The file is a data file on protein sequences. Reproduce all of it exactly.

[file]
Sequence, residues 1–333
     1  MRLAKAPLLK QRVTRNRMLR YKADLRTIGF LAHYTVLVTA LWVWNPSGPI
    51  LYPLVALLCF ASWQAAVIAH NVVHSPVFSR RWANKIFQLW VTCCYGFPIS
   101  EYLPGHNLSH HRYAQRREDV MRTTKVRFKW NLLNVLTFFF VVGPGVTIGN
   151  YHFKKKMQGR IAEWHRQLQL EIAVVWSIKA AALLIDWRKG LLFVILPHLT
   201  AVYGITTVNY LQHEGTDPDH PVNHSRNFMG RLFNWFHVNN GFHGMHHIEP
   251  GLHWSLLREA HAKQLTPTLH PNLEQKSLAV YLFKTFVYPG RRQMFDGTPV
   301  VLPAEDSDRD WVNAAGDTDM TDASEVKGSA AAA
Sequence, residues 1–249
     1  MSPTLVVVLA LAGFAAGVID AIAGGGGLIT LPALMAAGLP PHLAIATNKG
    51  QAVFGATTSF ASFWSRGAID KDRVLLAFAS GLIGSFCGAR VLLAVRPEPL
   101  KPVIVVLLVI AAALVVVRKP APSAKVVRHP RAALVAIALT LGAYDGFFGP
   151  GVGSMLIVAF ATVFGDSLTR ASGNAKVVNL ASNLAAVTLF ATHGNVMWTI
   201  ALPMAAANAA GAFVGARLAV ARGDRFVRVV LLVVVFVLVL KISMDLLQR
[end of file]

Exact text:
Sequence, residues 1–333
     1  MRLAKAPLLK QRVTRNRMLR YKADLRTIGF LAHYTVLVTA LWVWNPSGPI
    51  LYPLVALLCF ASWQAAVIAH NVVHSPVFSR RWANKIFQLW VTCCYGFPIS
   101  EYLPGHNLSH HRYAQRREDV MRTTKVRFKW NLLNVLTFFF VVGPGVTIGN
   151  YHFKKKMQGR IAEWHRQLQL EIAVVWSIKA AALLIDWRKG LLFVILPHLT
   201  AVYGITTVNY LQHEGTDPDH PVNHSRNFMG RLFNWFHVNN GFHGMHHIEP
   251  GLHWSLLREA HAKQLTPTLH PNLEQKSLAV YLFKTFVYPG RRQMFDGTPV
   301  VLPAEDSDRD WVNAAGDTDM TDASEVKGSA AAA
Sequence, residues 1–249
     1  MSPTLVVVLA LAGFAAGVID AIAGGGGLIT LPALMAAGLP PHLAIATNKG
    51  QAVFGATTSF ASFWSRGAID KDRVLLAFAS GLIGSFCGAR VLLAVRPEPL
   101  KPVIVVLLVI AAALVVVRKP APSAKVVRHP RAALVAIALT LGAYDGFFGP
   151  GVGSMLIVAF ATVFGDSLTR ASGNAKVVNL ASNLAAVTLF ATHGNVMWTI
   201  ALPMAAANAA GAFVGARLAV ARGDRFVRVV LLVVVFVLVL KISMDLLQR